When news broke that British Columbia had suffered its worst-ever month for illicit-drug overdose deaths in November, Toronto's mayor contacted his Vancouver counterpart to offer help, as he would have if the West Coast city had experienced a "natural disaster."
Vancouver Mayor Gregor Robertson told John Tory there was not much Toronto could do from afar, other than brace itself for the eastward spread of illicit fentanyl, the powerful painkiller driving B.C.'s crisis.
The correspondence so rattled Mr. Tory that he decided to throw his political weight behind a meeting of nearly 20 organizations – including police, paramedics, hospital officials, and harm reduction advocates – that is set to take place at Toronto City Hall on Monday and will guide the city's strategy on illicit-drug overdoses.
Bootleg fentanyl has not taken the toll on Canada's largest city that it has on other major centres, but on Toronto's streets, there are signs the problem is escalating.
Toronto police seized more than three kilograms of fentanyl last year, up 750 per cent from the approximately 350 grams of fentanyl the force confiscated the year before. The city's paramedics used the overdose antidote naloxone more often in 2016 than in the two years prior, and the local public-health unit says that, anecdotally, outreach workers are seeing more overdoses linked to illicit fentanyl than in the past.
Yet Toronto's preparations are well behind Vancouver's: There is no real-time surveillance of overdoses or overdose deaths, naloxone is not as widely available as it is on the West Coast and Toronto's plan for three supervised-injection sites is bogged down, awaiting approval from Ottawa and funding from Queen's Park.
Monday's meeting of the Toronto Early Warning and Alert Partnership, convened by the city's acting chief medical officer of health, is designed to bring together all the players who would help in an overdose epidemic, something Mr. Robertson and his staff urged Toronto to do as soon as possible.
"Even just to read [Mr. Robertson's] e-mails was horrific," Mr. Tory said. "He was describing to me that [first responders] were just traumatized by this repeated instance of people they were finding in all corners of Vancouver, hundreds of people, some of whom were able to be helped and some of whom were losing their lives."
Councillor Joe Cressy, chair of the Toronto Drug Strategy, said the city has already been preparing for bootleg fentanyl to cause more overdoses, but he said it needs more real-time information and financial support, especially from upper levels of government.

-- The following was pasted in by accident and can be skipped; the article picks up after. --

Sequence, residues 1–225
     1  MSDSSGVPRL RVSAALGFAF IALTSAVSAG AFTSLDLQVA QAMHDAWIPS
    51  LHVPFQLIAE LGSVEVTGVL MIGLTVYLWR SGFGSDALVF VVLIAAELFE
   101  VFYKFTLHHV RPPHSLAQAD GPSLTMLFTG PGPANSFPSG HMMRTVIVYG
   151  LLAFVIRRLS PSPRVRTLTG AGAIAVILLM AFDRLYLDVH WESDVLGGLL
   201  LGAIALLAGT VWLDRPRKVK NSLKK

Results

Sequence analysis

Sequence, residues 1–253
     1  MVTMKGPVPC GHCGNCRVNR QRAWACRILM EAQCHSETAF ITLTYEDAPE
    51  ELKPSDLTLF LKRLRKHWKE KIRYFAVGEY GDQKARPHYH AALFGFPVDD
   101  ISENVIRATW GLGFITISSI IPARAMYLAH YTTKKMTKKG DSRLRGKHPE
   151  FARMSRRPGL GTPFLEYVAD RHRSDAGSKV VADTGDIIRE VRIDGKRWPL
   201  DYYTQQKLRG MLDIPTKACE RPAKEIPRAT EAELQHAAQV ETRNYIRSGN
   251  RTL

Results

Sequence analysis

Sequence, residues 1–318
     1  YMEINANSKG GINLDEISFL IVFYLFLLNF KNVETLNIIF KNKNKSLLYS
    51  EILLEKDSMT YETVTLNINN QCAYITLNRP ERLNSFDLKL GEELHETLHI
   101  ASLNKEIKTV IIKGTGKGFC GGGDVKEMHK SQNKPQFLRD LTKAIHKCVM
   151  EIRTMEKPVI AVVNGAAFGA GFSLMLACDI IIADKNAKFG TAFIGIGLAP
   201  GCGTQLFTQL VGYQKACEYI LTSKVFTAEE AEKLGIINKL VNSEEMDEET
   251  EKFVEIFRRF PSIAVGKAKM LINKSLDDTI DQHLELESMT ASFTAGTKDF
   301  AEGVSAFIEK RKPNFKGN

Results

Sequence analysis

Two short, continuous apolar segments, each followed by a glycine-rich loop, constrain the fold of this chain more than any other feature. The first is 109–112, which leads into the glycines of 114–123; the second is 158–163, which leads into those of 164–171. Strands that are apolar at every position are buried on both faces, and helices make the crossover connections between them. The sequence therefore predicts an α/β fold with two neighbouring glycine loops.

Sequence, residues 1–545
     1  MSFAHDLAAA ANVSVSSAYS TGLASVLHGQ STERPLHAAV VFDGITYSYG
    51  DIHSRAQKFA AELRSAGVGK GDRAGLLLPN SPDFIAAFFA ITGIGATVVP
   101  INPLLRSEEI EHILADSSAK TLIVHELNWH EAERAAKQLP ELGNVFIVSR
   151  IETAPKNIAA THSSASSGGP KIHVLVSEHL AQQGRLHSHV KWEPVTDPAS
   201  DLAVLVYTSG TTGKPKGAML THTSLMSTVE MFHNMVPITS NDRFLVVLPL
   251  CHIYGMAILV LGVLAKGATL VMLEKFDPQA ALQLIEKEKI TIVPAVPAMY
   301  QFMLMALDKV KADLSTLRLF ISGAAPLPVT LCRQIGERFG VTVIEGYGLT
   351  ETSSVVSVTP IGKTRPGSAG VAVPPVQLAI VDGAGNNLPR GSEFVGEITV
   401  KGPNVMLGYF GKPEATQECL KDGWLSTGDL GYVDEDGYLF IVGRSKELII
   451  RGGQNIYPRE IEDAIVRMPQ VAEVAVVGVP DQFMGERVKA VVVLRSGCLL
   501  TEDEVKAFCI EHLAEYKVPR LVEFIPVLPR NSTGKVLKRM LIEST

"The risk of fatal overdose has moved from the marginalized back alleys and on to the main streets and Bay Street," Mr. Cressy said. "The overdose crisis is about to hit home for many more people in the city of Toronto."
Fentanyl is up to 100 times more toxic than morphine – the equivalent of two grains of salt can kill a healthy adult. The illicit version of fentanyl is manufactured in China and smuggled into Canada, where the white crystalline powder is cut with other drugs and sold on the street or pressed into pills and sold as fake OxyContin.
Quantifying the reach of bootleg fentanyl in Toronto – and all of Ontario – is difficult right now.
The most recent opioid-overdose death figures from the Office of the Chief Coroner of Ontario are from the end of 2015. (B.C., which declared a public-health emergency in response to the overdose crisis last spring, releases monthly figures. The province had 128 overdose deaths in November alone.)
Still, the out-of-date statistics for Ontario show that 707 people died of opioid overdoses in 2015, some involving alcohol and multiple opioids, up from 514 in 2010. Fentanyl was to blame or partly to blame in 204 of the cases in 2015, more than any other single opioid.
In Toronto, there were 154 deaths caused by opioids or a combination of opioids and alcohol in 2015. Again, fentanyl was the most frequent culprit, according to the coroner's office.
Acting Inspector Steve Watts of the Toronto Police drug squad said the force not only seized significantly more fentanyl in 2016 than it did in years past, it also found the drug in new disguises.
In 2015, most of the fentanyl Toronto police confiscated was in prescription patches; by 2016, it was primarily discovered cut into cocaine, heroin and fake OxyContin pills, he said.
"There's been a significant increase between 2015 and 2016 in terms of fentanyl," Insp. Watts said. "It's just becoming more prevalent."
Toronto's paramedics, in the meantime, used the antidote naloxone to revive 161 overdose victims in 2016, up from 110 in 2015 and 109 in 2014. It's not known which opioids were behind those overdoses.
Last year was the first in which all paramedics were required to carry naloxone kits, which likely contributed to the increase in its use. Prior to 2016, only about 30 per cent of Toronto paramedics carried the antidote, said Kim McKinnon, a spokeswoman for Toronto Paramedic Services.
Monday's meeting aims to gather this kind of scattered information in one place, then use it to guide the city's response.
"We don't have a complete picture," said Susan Shepherd, manager of the Toronto Drug Strategy. "By bringing everyone together and sharing that information we'll be able to have a better picture of what is happening on the street level."
Mr. Tory, who has also asked the country's big-city mayors to address the issue at a meeting this month, said it was time for politicians to approach the overdose epidemic as they would a frightening new disease or spike in crime.
"I think it's time we started to treat this as the national crisis that it is," he said.